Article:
My guess is that Paul Hindemith’s Mathis der Maler is an opera most opera amateurs have heard of but which comparatively few have actually seen. The video release of a 2012 production at Theater an der Wien directed by Keith Warner is therefore very welcome.
Staging art song and chamber works happens in Toronto but not a lot. Over the last few years I’ve seen interesting shows from Against the Grain, Collectif and UoT Opera among others. As it’s something I tend to enjoy I was pleased to catch the opening performance of Opera 5’s Hindemith and Shostakovich program; itself the first in a proposed series called Open Chambers.
This year’s GGS School fall opera was a presentation of three short works influenced by Dada and surrealism. The first was Martinů’s Les larmes du couteau. It’s a hard work to describe. Here’s what naxos.com has to offer:
Eleanor longs to marry someone like the Hanged Man, whose body is suspended over the stage. Satan appears, professing love for Eleanor, who rejects him, still longing for the Hanged Man, to which Satan now marries her, an event she celebrates by dancing a tango. A Negro Cyclist appears and Satan assumes the latter’s form. Eleanor seeks to attract the Negro/Satan, while her Mother makes gymnastic gestures at the back of the stage. Eleanor kisses the Negro, whose head bursts open, revealing Satan. Eleanor, terrified, stabs herself and the Hanged Man starts to dance to a foxtrot, as his head and limbs are detached, for him to juggle with. He comes to life and embraces Eleanor, but when she kisses him his head bursts open and the face of Satan is seen. She gives up her pursuit of love, while the Mother claims to know how to win Satan’s love, only to be rejected.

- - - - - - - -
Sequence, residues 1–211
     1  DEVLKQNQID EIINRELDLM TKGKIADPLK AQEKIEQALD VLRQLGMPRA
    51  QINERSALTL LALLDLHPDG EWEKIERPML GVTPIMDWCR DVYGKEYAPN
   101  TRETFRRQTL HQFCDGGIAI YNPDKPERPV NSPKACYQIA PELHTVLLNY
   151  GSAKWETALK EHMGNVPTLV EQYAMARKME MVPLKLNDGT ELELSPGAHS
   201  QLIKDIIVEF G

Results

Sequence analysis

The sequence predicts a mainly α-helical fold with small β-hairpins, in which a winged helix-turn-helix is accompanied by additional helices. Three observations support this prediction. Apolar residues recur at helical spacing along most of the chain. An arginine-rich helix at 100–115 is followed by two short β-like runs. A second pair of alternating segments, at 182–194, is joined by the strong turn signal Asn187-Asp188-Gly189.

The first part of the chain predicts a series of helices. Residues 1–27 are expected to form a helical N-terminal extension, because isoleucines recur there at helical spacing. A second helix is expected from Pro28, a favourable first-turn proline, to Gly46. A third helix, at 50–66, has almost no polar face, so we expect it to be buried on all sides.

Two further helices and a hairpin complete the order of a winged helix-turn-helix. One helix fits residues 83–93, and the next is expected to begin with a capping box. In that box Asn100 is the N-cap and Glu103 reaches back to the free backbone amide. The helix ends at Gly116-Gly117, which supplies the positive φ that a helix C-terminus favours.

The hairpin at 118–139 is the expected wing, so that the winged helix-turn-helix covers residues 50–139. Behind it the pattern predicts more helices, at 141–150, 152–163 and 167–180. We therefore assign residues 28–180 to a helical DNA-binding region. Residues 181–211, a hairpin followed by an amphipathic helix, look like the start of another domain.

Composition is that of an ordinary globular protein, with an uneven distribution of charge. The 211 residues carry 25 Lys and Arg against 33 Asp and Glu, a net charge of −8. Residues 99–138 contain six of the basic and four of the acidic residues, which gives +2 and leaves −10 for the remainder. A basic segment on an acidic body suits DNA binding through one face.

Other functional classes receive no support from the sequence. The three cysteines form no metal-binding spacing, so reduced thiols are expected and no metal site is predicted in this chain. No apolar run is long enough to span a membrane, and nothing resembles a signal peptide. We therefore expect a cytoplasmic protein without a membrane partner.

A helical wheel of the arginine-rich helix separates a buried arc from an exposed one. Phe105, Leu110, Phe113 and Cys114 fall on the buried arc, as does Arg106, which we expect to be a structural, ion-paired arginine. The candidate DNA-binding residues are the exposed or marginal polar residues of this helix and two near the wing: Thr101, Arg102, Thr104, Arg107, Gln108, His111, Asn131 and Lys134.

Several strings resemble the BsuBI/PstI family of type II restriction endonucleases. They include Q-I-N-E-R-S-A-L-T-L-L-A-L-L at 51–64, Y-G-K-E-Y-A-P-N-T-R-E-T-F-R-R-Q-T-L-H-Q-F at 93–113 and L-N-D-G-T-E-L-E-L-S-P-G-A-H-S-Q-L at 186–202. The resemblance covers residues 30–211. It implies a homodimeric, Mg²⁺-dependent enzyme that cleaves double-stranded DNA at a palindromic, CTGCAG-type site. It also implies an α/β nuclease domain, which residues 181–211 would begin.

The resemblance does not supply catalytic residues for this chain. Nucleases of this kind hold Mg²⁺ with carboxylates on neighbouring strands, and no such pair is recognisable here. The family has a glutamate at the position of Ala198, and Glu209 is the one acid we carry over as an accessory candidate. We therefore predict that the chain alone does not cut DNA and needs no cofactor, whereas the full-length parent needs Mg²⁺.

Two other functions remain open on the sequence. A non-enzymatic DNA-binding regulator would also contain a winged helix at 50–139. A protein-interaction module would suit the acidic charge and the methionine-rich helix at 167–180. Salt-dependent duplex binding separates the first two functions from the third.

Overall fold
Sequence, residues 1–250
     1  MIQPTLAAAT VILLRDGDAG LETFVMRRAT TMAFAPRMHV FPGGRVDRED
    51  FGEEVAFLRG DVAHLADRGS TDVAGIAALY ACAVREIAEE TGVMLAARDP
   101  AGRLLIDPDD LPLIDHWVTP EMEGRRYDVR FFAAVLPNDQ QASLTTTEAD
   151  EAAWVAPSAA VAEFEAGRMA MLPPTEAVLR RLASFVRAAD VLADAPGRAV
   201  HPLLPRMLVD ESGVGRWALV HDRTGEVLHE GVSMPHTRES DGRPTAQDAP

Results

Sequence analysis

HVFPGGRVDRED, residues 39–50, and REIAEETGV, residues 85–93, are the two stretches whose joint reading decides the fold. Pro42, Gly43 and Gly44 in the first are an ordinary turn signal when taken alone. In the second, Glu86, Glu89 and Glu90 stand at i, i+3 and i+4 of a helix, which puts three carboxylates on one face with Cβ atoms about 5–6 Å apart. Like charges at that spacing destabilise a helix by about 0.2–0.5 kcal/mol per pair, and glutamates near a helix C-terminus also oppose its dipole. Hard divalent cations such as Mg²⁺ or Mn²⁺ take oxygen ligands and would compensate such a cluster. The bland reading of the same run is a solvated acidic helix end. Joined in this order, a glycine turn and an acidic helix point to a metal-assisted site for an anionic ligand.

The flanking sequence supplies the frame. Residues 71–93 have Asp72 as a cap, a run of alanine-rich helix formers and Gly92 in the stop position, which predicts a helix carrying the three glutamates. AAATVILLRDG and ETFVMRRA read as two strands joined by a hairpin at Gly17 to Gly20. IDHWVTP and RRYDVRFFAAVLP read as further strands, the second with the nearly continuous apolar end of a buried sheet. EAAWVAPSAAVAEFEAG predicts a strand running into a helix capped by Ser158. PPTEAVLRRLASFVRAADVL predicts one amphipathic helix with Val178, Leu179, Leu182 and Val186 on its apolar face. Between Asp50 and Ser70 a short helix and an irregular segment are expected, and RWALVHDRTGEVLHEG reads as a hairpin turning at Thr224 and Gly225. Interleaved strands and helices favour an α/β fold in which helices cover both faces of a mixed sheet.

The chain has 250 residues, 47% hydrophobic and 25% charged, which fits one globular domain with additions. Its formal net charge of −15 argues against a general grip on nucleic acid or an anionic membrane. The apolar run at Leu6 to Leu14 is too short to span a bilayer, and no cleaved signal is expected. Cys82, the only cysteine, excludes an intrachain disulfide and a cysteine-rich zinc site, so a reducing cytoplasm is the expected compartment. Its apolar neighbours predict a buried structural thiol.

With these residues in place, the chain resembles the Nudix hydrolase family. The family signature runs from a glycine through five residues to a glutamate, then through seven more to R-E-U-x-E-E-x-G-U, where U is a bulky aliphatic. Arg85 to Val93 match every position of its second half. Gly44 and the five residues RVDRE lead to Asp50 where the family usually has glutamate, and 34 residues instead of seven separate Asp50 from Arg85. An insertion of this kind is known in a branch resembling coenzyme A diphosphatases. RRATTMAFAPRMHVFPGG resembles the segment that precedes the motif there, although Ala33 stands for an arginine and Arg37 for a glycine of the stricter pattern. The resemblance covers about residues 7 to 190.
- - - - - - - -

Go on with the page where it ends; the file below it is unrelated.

Les Larmes du couteau is very short in duration and offered obvious problems in staging, to be solved, it has been suggested, by the use of film.
Kateryna Khartova and Rachel Miller in Tears of the Knife
The TSO’s Decades project has now reached the 1930s; very much home ground for me musically. Last night’s program explored different aspects of the music making of the period, including serialism, in a varied show of why this is not “music to be scared of”. It was also Sir Andrew Davis’ first appearance in his role of interim music director and supreme leader for life of the TSO.
Furthering my quest to see more live opera I’m grateful to fellow COC podcaster Leslie of barczablog for drawing my attention to the following production that had hitherto escaped my notice.
Canadian directors, Aria Umezawa and Erik Thor combine their skills to help create Opera Five’s Winter production at the popular Gallery 345 venue. Alongside the senses of hearing and sight, the company is presenting a 3-course tasting menu thematically tied to each opera with food being prepared by local restaurants. The show features a cast of ten Toronto-based singers and the operas, Hin und Zurück (Hindemith), Aleko (Rachmaninov) and Talk Opera (Granger) a new American opera making its premiere in Canada. Milton Granger, the opera’s composer will be in attendance throughout the run. Musical direction is provided by Maika’i Nash and Kimberly Bartczak.
The show is at Gallery 345 (345 Sorauren Ave) on December 4th-6th at 7:30PM.